You can check whether or not Suhosin was successfully installed quite easily using the PHP CLI with the '-v' flag like so:

# php -v
PHP 5.1.6 with Suhosin-Patch 0.9.6 (cli) (built: Feb 20 2009 04:24:00)
Copyright (c) 1997-2006 The PHP Group
Zend Engine v2.1.0, Copyright (c) 1998-2006 Zend Technologies
    with Suhosin v0.9.27, Copyright (c) 2007, by SektionEins GmbH

If you do decide to take these steps and install Suhosin on your Red Hat based machine without building a new RPM be sure to subscribe to the PHP mailing list to keep current on any future releases that will surely be provided to address security concerns. Subscribing to the PHP Announcements mailing list at http://www.php.net/mailing-lists.php is a good idea for almost any developer, but it especially critical if you decide to compile your own PHP binary as Red Hat based package managers will no longer be able to alert you to your version falling out of sync with security patches and release updates.

Using Suhosin

Once installed there are several configuration choices you'll have to make in order to best utilize the power of Suhosin. Suhosin configuration is controlled in the php.ini configuration alongside other PHP settings. Note again, that if the Suhosin patch is not applied, you may not make use of any predefined constants in the php.ini, which will limit some choices with respect to certain configurations. Using the defaults will provide quite a bit of protection, but there are certain non-standard configurations that may also be appropriate in your environment.

One of the most important configuration options in a new deployment is the "simulation" options. This allows Suhosin to run in a logging only mode. This allows you to test out Suhosin without worrying that it will break critical scripts. To enable this option include the following in your php.ini:

suhosin.simulation = On

Be sure to review your log files once enabling this option, as it will allow you to spot any trouble that Suhosin would have caused if it were in an active mode. Once you've tracked down problem scripts and feel safe with your Suhosin configuration you can reset this value to the default "Off" state by simply deleting the line from your php.ini file.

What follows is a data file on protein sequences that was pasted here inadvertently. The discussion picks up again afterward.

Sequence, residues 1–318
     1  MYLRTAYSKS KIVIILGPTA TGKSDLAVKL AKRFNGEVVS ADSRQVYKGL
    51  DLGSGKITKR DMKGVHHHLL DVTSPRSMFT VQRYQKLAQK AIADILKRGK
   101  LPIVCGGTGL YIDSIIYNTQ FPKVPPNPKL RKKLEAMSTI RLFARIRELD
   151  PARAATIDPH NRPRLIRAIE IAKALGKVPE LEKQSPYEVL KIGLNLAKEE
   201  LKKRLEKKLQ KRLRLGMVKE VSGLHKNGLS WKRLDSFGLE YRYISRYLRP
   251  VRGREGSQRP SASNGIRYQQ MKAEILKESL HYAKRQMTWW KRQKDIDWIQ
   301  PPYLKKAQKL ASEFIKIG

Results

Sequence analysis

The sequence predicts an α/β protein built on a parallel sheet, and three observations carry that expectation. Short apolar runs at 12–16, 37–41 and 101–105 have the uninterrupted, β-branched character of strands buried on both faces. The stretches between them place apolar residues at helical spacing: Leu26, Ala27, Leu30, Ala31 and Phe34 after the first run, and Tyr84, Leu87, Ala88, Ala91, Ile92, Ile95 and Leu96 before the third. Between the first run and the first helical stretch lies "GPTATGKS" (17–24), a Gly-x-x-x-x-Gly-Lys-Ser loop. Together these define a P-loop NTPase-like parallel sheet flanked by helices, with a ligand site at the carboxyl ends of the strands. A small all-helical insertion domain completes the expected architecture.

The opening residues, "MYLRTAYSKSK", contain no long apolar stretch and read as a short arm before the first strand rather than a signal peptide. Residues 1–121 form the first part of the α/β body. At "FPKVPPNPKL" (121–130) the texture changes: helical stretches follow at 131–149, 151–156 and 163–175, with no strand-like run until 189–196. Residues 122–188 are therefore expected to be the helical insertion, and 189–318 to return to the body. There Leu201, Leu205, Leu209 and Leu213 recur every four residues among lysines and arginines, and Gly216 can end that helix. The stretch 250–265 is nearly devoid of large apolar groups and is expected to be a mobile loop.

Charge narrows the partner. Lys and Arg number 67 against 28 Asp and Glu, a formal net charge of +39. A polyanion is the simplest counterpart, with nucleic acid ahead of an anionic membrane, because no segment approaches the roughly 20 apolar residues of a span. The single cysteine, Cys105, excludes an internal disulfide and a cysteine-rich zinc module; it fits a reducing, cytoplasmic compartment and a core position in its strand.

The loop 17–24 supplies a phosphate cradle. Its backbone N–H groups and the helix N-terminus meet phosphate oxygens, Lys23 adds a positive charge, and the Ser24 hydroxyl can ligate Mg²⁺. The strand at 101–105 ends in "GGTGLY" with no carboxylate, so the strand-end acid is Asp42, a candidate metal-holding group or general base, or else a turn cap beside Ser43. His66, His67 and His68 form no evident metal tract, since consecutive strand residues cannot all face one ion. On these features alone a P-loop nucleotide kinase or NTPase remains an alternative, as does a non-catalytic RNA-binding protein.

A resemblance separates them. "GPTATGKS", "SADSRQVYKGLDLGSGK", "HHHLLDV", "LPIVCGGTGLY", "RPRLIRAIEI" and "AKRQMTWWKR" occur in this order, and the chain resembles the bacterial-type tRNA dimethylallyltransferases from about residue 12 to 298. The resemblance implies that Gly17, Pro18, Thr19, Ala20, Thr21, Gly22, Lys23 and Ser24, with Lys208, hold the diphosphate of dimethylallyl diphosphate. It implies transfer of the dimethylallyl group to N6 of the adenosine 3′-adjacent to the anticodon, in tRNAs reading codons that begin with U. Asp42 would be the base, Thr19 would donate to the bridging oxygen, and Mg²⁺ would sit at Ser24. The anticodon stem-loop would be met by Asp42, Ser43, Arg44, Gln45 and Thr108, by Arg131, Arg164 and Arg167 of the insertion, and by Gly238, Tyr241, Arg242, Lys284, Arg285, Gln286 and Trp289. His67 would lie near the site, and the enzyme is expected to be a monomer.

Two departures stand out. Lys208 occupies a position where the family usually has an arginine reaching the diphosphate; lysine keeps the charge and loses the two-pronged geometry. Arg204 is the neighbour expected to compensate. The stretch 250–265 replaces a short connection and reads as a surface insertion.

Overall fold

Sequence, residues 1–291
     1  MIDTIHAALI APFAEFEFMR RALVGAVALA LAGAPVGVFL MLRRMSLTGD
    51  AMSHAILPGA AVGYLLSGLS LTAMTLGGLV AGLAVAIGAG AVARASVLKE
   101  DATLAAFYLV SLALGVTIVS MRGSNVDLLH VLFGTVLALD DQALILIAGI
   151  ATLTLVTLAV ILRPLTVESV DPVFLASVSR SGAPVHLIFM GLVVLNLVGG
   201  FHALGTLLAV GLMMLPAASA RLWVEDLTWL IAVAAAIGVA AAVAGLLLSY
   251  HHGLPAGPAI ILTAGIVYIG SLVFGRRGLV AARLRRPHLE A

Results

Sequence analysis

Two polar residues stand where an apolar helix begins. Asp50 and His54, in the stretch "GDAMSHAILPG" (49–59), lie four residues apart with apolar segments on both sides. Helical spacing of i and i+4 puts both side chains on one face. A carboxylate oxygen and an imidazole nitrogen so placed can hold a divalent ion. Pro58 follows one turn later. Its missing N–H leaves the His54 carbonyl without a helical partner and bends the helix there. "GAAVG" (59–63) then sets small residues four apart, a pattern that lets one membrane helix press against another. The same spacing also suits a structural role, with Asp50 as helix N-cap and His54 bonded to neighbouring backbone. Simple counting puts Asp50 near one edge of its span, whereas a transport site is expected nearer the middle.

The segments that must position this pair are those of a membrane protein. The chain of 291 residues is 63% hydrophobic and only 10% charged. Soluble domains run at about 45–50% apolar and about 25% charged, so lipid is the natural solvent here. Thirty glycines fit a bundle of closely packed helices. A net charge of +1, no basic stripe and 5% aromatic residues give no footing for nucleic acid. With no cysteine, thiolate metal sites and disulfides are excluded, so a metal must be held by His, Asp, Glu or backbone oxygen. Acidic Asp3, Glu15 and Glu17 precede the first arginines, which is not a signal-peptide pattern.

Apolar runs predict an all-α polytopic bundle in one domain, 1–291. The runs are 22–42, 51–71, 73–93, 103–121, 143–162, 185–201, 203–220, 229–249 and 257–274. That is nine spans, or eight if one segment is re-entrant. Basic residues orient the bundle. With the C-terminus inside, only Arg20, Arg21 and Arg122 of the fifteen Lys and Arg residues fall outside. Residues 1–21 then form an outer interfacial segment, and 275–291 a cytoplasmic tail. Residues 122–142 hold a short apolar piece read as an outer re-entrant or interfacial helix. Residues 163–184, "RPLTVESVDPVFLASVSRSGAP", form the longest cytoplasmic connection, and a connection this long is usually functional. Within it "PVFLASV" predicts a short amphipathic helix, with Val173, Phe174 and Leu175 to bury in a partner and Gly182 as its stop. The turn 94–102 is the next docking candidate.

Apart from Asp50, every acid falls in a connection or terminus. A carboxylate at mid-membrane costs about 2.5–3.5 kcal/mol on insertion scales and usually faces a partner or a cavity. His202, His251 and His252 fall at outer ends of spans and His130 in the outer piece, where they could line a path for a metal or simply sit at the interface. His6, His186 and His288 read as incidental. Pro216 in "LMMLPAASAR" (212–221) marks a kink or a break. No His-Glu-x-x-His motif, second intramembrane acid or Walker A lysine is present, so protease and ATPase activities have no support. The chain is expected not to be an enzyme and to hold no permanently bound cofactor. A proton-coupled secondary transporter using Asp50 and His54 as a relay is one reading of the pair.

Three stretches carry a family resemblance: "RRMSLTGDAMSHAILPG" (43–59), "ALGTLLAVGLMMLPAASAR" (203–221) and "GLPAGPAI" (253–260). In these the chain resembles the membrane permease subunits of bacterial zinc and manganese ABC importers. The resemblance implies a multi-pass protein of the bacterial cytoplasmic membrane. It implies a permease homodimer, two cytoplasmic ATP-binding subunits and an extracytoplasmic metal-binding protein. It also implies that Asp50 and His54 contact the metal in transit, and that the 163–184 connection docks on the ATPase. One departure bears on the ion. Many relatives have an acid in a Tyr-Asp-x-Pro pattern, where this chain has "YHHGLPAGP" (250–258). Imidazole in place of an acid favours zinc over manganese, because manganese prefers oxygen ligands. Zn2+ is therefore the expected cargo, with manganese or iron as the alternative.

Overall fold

By default the directory traversal protections are disabled in Suhosin. This protection limits the number of '../' sequences that may be included in a filename. As many attackers will include several of these sequences in order to reach a server root, it might be safe to limit this to four or five. This would allow PHP scripts to reach around inside the web server directory but would prevent, and alert administrators to, many attacks. This configuration can be achieved by adding the following to your php.ini:

suhosin.executor.max_traversal = 4

Another option worth considering is disabling the /e flag in the preg_replace() function. This flag allows PHP code to be evaluated into the replacement and can be used by attackers to inject PHP code into scripts. By default this feature is off, to enable it add:

suhosin.executor.disable_emodifier = On

Similarly you may want to disable the eval() function altogether, especially if you're not using it in any of your scripts. Eval() can be used to send commands to the command line. Although disabling it will not protect you from all such vectors (an attacker could still utilize the system() or passthru() functions to bypass this protection). To enable this feature add the following to your php.ini file:

suhosin.executor.disable_eval = On

Another configuration option that can be of incredible use, but may be a little draconian is the option to disallow the uploading of binary files via PHP. Again, this will not protect against attackers uploading malicious scripts, but it would prevent an attacker from uploading, say, a compiled local kernel exploit. To enable this functionality use:

suhosin.upload.disallow_binary = On

Conclusions

Adding Suhosin to your PHP installation is a great way to dramatically reduce the exposure of your PHP based applications. Being aware of Suhosin is critical whether or not you implement it. Many developers utilize distributions with Suhosin compiled into PHP so they might not even realize the protections it affords, which can lead to disastrous results if they produce code expecting Suhosin protections in production which might not be applied. Understanding how Suhosin works and leveraging it to best suit your environment is a key step in hardening your PHP deployment. By utilizing Suhosin's logging only mode you can map out the influence a deployment will have on your environment, troubleshoot before moving to production, and gage the level of impact Suhosin will have. Given this feature there is very little down side to deploying Suhosin. Even if you don't deploy the more troublesome PHP patch, it is extremely quick, easy, and valuable to employ the Suhosin extension in your environment.